Imagine an alternative universe in which simple digital handheld games evolved into sophisticated music tools. Oh, and they also made lots of really purty lights flash. Mmmmm … flashing lights.

Well, that alternative universe seems to be right here. Mike Una gave us a massive dump of unusual new DIY sequencers, crafted from the ground up to rework techno into sonic objects. Some are unquestionably indebted to the analog step sequencer, but others take as much from 80s digital toys.

Working with the Meggy, Jr. DIY handheld game platform – with a stunning 8×8 pixel resolution – Darius Kazemi has begun building a music app. He calls it “MeggySynth,” and says he’s conceptualizing it as much a video performance as it is sonic performance. Let the video get at least part of the way in, as the colors really pick up – full RGB LEDs really are a beautiful thing (and something you don’t get from projects like monome).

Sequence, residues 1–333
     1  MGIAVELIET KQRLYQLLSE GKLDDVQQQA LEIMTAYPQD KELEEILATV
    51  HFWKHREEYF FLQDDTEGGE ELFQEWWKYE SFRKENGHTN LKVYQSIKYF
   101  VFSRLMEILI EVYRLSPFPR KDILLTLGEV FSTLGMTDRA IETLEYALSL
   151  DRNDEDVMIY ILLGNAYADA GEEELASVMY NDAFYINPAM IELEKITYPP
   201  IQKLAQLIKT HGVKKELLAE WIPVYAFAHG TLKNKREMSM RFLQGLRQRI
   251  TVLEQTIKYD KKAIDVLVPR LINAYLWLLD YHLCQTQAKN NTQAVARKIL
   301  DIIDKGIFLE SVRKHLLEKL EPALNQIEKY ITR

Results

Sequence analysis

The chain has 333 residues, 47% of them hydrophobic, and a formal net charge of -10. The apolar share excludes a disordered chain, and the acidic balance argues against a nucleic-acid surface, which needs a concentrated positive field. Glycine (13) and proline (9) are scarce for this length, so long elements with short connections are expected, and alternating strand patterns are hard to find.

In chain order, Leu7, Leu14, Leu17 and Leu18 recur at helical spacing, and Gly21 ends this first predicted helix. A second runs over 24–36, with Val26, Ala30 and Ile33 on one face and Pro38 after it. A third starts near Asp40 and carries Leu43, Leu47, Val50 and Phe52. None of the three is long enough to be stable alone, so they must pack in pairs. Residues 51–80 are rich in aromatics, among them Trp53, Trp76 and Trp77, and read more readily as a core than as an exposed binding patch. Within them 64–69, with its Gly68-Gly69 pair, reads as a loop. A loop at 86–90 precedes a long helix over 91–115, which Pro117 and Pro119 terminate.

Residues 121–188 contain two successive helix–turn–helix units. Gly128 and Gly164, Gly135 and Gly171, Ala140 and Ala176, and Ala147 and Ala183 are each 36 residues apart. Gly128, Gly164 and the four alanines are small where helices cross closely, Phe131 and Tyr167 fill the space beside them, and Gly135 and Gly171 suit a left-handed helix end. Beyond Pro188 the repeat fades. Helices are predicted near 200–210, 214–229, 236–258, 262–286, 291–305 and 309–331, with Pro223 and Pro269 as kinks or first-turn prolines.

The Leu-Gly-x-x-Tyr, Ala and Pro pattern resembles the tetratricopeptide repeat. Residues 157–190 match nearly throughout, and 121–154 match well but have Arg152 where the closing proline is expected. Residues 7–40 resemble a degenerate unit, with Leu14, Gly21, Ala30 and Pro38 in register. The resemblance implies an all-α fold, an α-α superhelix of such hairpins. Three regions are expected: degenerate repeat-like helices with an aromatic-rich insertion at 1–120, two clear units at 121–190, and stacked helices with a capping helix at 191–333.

Our friend and Handmade Music regular, the talented hacker Collin Cunningham, covers this for MAKE:
MAKE: Blog: MeggySynth makes music

Collin rightfully compares this to Tenori-On. Part of what strikes me about Toshio Iwai’s work – not only Tenori-On for Yamaha and ElektroPlankton for Nintendo, but his installation work stretching back to the 90s – is that it often incorporates game aesthetics. Designs are reduced to their elemental interaction and visual representation, which very often includes low-resolution, pixellated grids. (Photo: Julie Delvaux.)

Now, being the greedy person I am, I really want this style of RGB grid, but with other sound sources. But I think there’s a lot of potential, and just as grids of lights can function on roadsigns, there’s no reason even a small number of pixels can’t be expressive. Just ask your local Tamigotchi.

Toshio Iwai evangelizes the beauty of grids for music in Manchester. Photo (CC) Mc-Q.

The best part of simplicity? Darius, designing level editors — in Excel.

Tiny Subversions: My Meggy Level Editor